Some people associate prenuptial agreements with the very wealthy and spouses-to-be who do not trust each other. But in fact, a prenup can help each spouse feel financially secure entering the marriage. Anybody of any income and level of wealth could use the reassurance of knowing what their financial settlement would be if they ever get divorced.
Postnuptial agreements serve a similar function, but the context is different. Instead of drawing it up before you and your spouse got married, you create a postnup after the marriage already began and you owe each other a fiduciary duty. But just like a prenup, couples use postnups to settle who will keep which pieces of marital property if they ever divorce.
Three times to consider a postnuptial agreement
Good reasons to consider a postnup include:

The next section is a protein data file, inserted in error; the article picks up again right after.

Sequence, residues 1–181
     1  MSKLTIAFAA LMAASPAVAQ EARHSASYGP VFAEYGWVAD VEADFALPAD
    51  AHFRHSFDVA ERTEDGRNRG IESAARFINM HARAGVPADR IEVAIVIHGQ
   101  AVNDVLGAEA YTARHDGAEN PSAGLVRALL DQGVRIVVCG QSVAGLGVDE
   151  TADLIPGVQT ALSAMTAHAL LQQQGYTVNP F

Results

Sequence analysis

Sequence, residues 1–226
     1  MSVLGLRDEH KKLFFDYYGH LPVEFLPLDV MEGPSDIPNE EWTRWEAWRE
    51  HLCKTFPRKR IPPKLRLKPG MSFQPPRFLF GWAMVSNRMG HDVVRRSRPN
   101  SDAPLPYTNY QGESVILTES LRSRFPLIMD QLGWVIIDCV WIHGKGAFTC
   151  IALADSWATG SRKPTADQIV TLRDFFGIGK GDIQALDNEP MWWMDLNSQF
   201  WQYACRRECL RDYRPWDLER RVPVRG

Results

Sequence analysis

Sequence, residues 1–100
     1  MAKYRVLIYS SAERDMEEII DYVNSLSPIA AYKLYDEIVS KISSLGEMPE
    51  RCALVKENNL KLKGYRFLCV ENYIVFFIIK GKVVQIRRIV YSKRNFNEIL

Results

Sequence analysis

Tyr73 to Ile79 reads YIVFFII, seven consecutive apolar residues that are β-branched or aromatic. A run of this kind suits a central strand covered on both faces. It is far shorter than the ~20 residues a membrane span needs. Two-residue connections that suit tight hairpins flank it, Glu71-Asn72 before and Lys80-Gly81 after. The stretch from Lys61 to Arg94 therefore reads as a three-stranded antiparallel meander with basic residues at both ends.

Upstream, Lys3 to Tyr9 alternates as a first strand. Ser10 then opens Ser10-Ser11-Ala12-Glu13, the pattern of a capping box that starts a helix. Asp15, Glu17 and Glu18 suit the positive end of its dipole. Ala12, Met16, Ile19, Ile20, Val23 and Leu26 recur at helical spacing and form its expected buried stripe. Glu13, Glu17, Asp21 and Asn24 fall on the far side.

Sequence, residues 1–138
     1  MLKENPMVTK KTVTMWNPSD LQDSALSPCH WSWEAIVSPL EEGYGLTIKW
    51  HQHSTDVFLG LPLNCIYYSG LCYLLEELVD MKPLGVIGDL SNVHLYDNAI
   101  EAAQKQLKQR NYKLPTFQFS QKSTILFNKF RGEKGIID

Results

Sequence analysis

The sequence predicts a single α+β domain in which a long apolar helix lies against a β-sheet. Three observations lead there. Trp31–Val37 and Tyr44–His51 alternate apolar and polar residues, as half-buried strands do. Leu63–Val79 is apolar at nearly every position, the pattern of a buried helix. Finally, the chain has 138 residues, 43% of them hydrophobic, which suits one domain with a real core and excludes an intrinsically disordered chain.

- You created a prenup but circumstances have changed and the document is now outdated.
- Your relationship has become troubled, though you are still trying to work things out.
- A major economic change has occurred. For example, one spouse has started a new business and has very little income or has gotten a new, much higher-paying job. Or one spouse stopped working to become a stay-at-home parent.
Negotiating, drafting and signing a postnuptial agreement does not mean your marriage is doomed or that you or your spouse want out. But if things change, you will have a predictable, fair and practical property division agreement already in place. Each of you should be represented by your own attorney to avoid a conflict of interest. Your lawyer will advise you of your property rights and represent you in negotiations.